Thursday, May 05, 2016

Go ahead — ask people what they want

A version of this post has been published on Medium...

“Do not ask people what they want.”

This is a mantra in the field of design research. It is said over and over and over again.

It was said years ago by the likes of Steve Jobs, Jared Spool, and Jakob Nielsen (and many others); it was said more recently by the likes of Erika Hall and Don Norman (and many others); it was said perhaps most recently — earlier this week — by designer Jason Li:

Karen Holtzblatt has written: "Don't ask your customer what they need or want or like. People focus on doing their life not watching their life. So if you ask the customer, people can't tell you what they do or what they want, because it’s not part of their consciousness to understand their own life activities."

Don Norman said: “Don’t ask them what they want, because people don’t know what they want. Seriously, you don’t know what you want; I don’t know what I want.”

And, of course, there is the famous quote attributed to Henry Ford: “If I’d asked people what they wanted, they’d have said faster horses.”

But, doesn’t the answer about faster horses reveal important information? And do you really think that Don Norman never knows what he wants?

Do you never know what you want? Does what you think you want never reveal something of importance about what you really want, something which can be fruitfully expanded via additional questioning or other types of research? And is it never a part of your consciousness to understand your own life activities?

In an earlier post, I referenced a medical conference in which patients in the audience — patients who had invested tons of time in understanding their health(care) experience and in identifying what they wanted — were seriously offended when a speaker — a designer of wearable sensor products — proclaimed with pride that he never asks users what they need or want, but only observes user behavior. 

Is it advisable to observe user behavior? Of course. But is it good practice to offend the people for whom you are designing by refusing to ask them what they want?

The mantra of “do not ask people what they want” seems to partly be a reaction to over-simplistic practices of “requirements gathering.” But it also seems left over from the days of designer pomposity — when the approach of “designing for” dominated over the approach of “designing with.” This is not a claim that “designing with” only means you need to ask users what want; far from it. But users actually do often know what they want and need, and when they don’t (completely) know, answers to such questions often contain important clues.

Go ahead — ask people what they want. Just don’t ONLY do so.


Thanks to attendees of the May meeting of the ATX UX Book Club (Article Month) for their feedback to a draft of this post.


Richard Anderson said...

On Medium, Maggie Rudzinski wrote:

You’re definitely picking up on to one of the bigger dilemmas of our field! This is something I see a lot of designers struggle with.

I want to unpack the Ford quote as a good example of how to approach the issue. On the one hand, Ford is right — people are limited to their own experiences, and they don’t bring much variety, creativity, or curiosity to the choices they make. They won’t often go out looking for cars when they think of travel in horse-and-cart terms. That said, feedback like “I want a faster horse” is far from useless. People might not know what they want in terms of objects or solutions, but they do know why they want it. They know they want to go faster, get good quality at a price they can afford, they know their limits, needs, and opinions. Designers know there’s a lot to be gained from understanding the experiences of other people.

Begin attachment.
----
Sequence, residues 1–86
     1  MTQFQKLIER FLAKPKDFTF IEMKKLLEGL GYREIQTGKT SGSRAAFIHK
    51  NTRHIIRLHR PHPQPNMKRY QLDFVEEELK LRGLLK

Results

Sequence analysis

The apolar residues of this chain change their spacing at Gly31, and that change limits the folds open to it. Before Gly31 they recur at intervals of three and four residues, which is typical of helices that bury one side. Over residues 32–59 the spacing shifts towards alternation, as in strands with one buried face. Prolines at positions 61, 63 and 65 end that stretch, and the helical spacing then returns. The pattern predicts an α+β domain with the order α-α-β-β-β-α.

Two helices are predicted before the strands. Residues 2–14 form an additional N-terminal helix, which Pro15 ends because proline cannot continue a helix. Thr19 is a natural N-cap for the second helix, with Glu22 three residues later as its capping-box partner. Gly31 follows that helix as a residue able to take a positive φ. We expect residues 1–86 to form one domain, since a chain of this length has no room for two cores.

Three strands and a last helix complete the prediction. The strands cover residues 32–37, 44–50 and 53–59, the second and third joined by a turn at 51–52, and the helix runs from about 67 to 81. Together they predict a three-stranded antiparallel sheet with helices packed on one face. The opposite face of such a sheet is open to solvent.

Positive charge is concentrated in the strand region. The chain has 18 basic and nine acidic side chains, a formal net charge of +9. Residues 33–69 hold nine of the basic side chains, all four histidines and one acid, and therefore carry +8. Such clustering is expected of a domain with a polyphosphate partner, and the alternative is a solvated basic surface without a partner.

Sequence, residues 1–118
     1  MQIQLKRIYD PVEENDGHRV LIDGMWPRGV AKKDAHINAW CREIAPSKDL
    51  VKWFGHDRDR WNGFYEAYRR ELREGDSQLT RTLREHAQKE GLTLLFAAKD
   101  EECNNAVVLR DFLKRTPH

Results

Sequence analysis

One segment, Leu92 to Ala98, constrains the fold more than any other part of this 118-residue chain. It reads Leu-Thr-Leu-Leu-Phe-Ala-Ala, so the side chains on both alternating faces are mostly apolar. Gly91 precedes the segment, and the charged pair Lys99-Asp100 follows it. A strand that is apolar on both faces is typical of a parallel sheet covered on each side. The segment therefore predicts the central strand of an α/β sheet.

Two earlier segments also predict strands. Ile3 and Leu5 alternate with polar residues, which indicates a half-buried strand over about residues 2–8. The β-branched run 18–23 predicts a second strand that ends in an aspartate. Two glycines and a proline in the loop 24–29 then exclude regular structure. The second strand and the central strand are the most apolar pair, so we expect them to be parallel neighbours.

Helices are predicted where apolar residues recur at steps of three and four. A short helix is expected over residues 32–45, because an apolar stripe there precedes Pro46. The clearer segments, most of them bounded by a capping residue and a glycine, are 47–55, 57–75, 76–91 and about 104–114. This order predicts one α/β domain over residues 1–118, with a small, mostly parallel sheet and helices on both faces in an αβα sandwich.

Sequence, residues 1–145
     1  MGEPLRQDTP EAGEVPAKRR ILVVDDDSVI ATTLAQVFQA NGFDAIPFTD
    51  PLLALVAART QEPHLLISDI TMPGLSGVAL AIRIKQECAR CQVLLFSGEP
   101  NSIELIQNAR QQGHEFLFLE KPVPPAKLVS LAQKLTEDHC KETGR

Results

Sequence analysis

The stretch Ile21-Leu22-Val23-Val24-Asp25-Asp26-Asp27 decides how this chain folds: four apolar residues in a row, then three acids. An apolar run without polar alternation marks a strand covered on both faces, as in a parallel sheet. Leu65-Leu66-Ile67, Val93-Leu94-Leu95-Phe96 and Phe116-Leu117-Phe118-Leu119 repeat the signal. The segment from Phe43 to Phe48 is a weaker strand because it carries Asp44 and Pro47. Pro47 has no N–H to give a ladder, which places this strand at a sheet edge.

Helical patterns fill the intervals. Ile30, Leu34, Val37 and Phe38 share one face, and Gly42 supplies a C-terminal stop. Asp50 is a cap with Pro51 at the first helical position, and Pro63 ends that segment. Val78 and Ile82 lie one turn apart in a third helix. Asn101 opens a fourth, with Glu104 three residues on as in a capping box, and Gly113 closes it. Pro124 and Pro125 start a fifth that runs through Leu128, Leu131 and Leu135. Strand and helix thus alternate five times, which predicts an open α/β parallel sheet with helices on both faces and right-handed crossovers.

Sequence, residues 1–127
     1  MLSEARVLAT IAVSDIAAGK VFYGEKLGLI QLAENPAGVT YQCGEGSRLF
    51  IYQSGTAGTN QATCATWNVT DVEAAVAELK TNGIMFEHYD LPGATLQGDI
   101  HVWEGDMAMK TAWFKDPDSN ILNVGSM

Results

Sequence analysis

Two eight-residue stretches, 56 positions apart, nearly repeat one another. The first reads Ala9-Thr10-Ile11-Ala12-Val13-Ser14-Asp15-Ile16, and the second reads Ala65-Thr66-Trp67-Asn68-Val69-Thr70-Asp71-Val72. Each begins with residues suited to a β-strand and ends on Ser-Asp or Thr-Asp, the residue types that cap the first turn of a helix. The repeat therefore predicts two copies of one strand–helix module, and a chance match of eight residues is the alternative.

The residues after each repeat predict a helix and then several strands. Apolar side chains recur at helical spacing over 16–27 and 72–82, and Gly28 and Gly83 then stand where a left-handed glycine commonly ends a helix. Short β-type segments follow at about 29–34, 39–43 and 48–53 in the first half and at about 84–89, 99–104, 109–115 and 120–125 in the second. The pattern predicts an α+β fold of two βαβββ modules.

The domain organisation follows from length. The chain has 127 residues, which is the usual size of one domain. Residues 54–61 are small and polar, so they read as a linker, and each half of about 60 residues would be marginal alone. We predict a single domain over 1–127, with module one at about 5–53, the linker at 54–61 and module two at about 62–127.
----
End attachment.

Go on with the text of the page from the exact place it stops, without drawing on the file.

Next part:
In this way, saying “don’t ask people what they want” is not a complete rejection for soliciting the opinions of your users, but we must acknowledge that most people have a limited scope of awareness — the last thing we want is to mirror that scope through interview questions that go the wrong direction, or by drawing limited, hard to apply conclusions from interacting with users. If they knew what their options were and how to access them, they wouldn’t need a designer, right?

Richard Anderson said...

On Medium, James Landay wrote:

I think the mantra is not about not asking users what they want, but is instead about being careful in how you interpret the answer to that question and how the answer should impact the design work that you follow with. So I believe the mantra is mainly aimed at novices who may make the mistake of blindly designing what users say they want.

Richard Anderson said...

By the way, I asked Don Norman to react to my post. Here is how he responded via email:

“​You are correct. the statement “don’t ask people what they want” is dramatic, but overstated. It should be, do ask people what they want, but don’t take their word for it. If you have an established product, their wants can lead you to important new insights. If you have a very new product, their wants reflect their experience today and cannot be relied upon. Here is where you need observation to understand the tasks they perform, where you, the expert observer, can discover needs they never realized — that is, until you point them out.”

Dave Holly said...

Personally my experience is more very careful who you ask and have a conversation to manage expectations, especially if you are designing an application for a customer.

The higher a person is in an organisation the more likely they are to want maximum control and have very little understand beyond their own experience

"Designing" websites and apps has become a DIY pastime and every user considers themselves an expert. Gathering good user requirements from a customer can often rely on their powers of observation!